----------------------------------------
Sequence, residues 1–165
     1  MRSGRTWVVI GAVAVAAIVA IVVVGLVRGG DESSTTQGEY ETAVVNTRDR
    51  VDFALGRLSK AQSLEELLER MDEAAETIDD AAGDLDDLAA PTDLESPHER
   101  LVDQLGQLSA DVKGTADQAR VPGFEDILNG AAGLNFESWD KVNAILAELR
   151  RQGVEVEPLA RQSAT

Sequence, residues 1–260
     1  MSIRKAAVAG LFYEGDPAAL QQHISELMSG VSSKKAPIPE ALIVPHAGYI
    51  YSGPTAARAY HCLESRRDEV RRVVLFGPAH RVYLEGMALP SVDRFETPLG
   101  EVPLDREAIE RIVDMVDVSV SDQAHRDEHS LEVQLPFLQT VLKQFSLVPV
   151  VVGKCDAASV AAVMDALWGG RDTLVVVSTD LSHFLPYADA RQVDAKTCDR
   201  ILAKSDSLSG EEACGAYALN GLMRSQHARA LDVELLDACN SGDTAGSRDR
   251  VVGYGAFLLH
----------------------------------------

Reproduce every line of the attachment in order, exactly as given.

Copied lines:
Sequence, residues 1–165
     1  MRSGRTWVVI GAVAVAAIVA IVVVGLVRGG DESSTTQGEY ETAVVNTRDR
    51  VDFALGRLSK AQSLEELLER MDEAAETIDD AAGDLDDLAA PTDLESPHER
   101  LVDQLGQLSA DVKGTADQAR VPGFEDILNG AAGLNFESWD KVNAILAELR
   151  RQGVEVEPLA RQSAT

Sequence, residues 1–260
     1  MSIRKAAVAG LFYEGDPAAL QQHISELMSG VSSKKAPIPE ALIVPHAGYI
    51  YSGPTAARAY HCLESRRDEV RRVVLFGPAH RVYLEGMALP SVDRFETPLG
   101  EVPLDREAIE RIVDMVDVSV SDQAHRDEHS LEVQLPFLQT VLKQFSLVPV
   151  VVGKCDAASV AAVMDALWGG RDTLVVVSTD LSHFLPYADA RQVDAKTCDR
   201  ILAKSDSLSG EEACGAYALN GLMRSQHARA LDVELLDACN SGDTAGSRDR
   251  VVGYGAFLLH